Category Archives: International Jewish Communities
Daniel Solomon’s early years were shaped by the forces of history. After Daniel’s birth in 1938 in Africa to a secular Jewish family, his family moved to Provence in the south of France before the Second World War. Trapped in Europe by the awful events of the war, the Solomons were later able to return to Africa. After the war, they returned to France, where Daniel grew up.
Longing For Connection
The cultural form of Jewishness in which Daniel had been raised was unsatisfying to him. In 1954, he went on a “Jewish awareness trip” to Israel. Also on the trip was a young woman named Sara who caught his interest. He discovered that she was from Roanne, France, and that the two of them had quite a bit in common.
The Jewish community in New York City is still as important as ever and continues to be the largest concentration of Jewish people in the world!
There are 1,412,000 Jewish people in the eight counties that compose New York and its environs. To this, however, one may add over 350,000 Jewish people in New Jersey and 50,000 in southern Connecticut, many of whom live in suburbs and bedroom communities that still look to New York City as their center.
One of the major changes in the fabric of Jewish life in New York City and the area immediately surrounding it is the dramatic rise in intermarriage. Recent statistics show that 22% of couples in New York are intermarried-a high percentage, although still well below the national average. This includes married couples who were wed at a time when intermarriage was relatively rare. From 1998-2002, however, that number rose to 36%. This represents over a four-fold increase in the past thirty years.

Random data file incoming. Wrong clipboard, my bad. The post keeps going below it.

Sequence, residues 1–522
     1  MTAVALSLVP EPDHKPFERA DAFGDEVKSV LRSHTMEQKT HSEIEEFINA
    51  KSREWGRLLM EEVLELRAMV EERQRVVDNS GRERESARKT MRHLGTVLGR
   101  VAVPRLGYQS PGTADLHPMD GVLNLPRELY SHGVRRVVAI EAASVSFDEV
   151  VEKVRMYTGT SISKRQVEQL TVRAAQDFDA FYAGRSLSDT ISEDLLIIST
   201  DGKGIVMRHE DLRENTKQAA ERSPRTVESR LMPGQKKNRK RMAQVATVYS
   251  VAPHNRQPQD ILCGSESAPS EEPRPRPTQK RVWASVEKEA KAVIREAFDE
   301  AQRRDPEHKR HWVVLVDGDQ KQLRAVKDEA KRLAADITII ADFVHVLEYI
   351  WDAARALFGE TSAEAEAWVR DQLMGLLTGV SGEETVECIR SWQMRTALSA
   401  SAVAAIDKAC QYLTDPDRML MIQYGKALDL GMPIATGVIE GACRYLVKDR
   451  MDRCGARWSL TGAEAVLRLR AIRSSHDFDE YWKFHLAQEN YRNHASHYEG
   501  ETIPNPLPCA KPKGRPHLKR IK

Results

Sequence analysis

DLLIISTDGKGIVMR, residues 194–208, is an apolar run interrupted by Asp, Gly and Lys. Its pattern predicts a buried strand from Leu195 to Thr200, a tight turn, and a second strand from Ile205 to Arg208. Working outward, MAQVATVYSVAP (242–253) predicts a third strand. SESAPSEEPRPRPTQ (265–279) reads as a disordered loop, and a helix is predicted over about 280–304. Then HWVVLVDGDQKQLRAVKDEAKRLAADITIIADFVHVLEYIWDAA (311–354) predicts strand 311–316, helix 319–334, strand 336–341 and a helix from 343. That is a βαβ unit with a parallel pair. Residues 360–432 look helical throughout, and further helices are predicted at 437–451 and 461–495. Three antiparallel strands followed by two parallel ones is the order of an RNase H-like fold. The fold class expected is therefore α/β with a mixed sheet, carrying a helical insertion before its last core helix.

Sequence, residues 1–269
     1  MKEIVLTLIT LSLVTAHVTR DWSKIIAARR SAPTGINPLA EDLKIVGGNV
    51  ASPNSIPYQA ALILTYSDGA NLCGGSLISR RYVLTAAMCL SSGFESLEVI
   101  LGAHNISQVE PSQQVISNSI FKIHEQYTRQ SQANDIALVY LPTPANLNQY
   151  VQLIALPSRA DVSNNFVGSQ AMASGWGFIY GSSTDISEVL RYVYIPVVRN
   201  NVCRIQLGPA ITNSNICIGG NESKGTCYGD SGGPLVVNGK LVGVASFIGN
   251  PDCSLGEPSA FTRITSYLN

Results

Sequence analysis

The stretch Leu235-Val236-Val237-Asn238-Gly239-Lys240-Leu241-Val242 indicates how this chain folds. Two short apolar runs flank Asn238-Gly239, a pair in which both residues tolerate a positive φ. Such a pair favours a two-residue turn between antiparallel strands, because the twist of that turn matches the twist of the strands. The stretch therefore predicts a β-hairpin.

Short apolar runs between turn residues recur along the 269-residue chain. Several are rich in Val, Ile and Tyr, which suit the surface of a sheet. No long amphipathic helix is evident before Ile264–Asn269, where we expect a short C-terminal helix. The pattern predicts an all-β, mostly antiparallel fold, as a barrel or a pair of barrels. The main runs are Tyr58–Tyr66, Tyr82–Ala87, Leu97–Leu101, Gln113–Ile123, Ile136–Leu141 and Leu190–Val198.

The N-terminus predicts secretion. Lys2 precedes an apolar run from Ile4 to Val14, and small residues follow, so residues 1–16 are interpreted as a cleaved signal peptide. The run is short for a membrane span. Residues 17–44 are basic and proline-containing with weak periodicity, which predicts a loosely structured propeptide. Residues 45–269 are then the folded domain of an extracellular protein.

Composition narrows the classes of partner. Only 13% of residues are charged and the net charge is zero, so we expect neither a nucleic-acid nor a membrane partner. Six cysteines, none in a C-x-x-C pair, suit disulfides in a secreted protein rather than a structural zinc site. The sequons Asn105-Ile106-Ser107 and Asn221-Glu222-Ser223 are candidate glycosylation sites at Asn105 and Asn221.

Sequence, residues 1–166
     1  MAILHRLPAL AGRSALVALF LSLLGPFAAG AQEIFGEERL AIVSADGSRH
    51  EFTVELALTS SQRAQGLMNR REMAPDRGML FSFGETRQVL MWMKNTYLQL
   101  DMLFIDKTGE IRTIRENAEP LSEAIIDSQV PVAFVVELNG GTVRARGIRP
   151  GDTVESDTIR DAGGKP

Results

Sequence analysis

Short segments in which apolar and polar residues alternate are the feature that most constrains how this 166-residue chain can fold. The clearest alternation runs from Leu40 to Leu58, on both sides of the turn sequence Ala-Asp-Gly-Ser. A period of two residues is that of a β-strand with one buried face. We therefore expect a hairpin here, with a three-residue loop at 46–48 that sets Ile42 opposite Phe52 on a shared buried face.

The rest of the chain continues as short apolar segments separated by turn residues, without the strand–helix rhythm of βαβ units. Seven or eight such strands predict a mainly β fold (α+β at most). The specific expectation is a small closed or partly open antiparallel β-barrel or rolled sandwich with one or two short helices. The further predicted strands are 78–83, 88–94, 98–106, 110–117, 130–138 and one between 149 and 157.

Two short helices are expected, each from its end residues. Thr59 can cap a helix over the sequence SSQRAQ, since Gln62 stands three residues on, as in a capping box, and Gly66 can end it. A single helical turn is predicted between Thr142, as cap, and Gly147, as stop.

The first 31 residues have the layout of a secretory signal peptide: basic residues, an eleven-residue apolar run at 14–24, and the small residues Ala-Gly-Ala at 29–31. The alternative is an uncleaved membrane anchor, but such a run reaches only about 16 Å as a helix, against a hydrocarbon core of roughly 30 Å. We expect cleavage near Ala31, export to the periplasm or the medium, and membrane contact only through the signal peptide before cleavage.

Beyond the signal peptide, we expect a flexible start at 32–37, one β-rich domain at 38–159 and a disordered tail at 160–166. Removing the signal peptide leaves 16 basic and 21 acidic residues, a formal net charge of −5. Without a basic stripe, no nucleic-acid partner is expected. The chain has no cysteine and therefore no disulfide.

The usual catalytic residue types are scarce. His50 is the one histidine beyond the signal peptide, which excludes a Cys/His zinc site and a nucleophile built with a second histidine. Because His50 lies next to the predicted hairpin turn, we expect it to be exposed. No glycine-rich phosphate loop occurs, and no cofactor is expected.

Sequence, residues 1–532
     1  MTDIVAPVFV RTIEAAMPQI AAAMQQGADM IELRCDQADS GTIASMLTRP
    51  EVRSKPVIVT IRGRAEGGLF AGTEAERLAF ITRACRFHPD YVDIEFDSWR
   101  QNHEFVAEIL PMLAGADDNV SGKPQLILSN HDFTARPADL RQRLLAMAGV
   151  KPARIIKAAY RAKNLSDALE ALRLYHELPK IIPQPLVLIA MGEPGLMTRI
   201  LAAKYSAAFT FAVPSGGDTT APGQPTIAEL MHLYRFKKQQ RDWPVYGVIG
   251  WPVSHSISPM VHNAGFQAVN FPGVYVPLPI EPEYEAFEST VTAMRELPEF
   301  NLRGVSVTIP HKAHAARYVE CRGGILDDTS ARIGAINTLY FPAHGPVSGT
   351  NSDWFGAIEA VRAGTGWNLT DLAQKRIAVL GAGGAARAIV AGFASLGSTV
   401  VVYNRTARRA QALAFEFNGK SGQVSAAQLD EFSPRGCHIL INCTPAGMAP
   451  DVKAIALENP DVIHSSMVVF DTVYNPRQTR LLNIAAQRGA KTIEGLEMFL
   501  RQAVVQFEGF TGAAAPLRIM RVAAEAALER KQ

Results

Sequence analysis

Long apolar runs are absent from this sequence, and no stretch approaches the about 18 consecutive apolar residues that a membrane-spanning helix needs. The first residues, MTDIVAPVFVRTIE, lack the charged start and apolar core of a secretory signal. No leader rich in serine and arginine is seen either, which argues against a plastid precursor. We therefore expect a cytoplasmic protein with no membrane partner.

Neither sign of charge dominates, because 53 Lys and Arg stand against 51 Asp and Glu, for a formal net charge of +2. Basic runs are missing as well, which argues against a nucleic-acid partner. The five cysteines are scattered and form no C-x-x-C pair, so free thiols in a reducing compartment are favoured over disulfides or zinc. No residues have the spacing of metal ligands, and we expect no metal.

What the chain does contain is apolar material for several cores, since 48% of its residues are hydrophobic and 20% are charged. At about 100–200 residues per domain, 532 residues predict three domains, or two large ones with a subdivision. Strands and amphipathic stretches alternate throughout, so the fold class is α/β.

Last month, the Jewish people celebrated the High Holy Days, which include the autumn harvest festival, Sukkot (Feast of Booths). This month, we want to give thanks for another kind of harvest – a harvest of Jewish souls that the Lord has reaped through the prayers of His people and through the evangelistic work of Chosen People Ministries’ staff members around the world.
Join us as we take a brief tour across the globe to visit the various corners of the Lord’s vineyard where the Gospel is bearing fruit among the Jewish communities that we seek to serve.
There are approximately between 13 and 14 million Jewish people in the world today. However, this figure is an educated guess. One reason for this lack of precision is that there is disagreement as to what constitutes Jewish identity.
Prof. Sergio Della Pergola, head of the Institute of Contemporary Jewry at the Hebrew University, identifies four basic groupings within this population:
• “Traditional” Jews who consistently perform Jewish traditional ritual practices: Two million.
• “Ethnic” Jews who, while not necessarily religious, forge their bonds through Jewish religious and social institutions: Six million.
The Jewish Autonomous Region of Birobidzhan, Josef Stalin’s solution to his “Jewish Problem,” was established in 1934. After the Russian Revolution, the Jewish people-many of whom had harbored high hopes for the rise of Communism-found themselves mired in the same crushing poverty and persecution as before.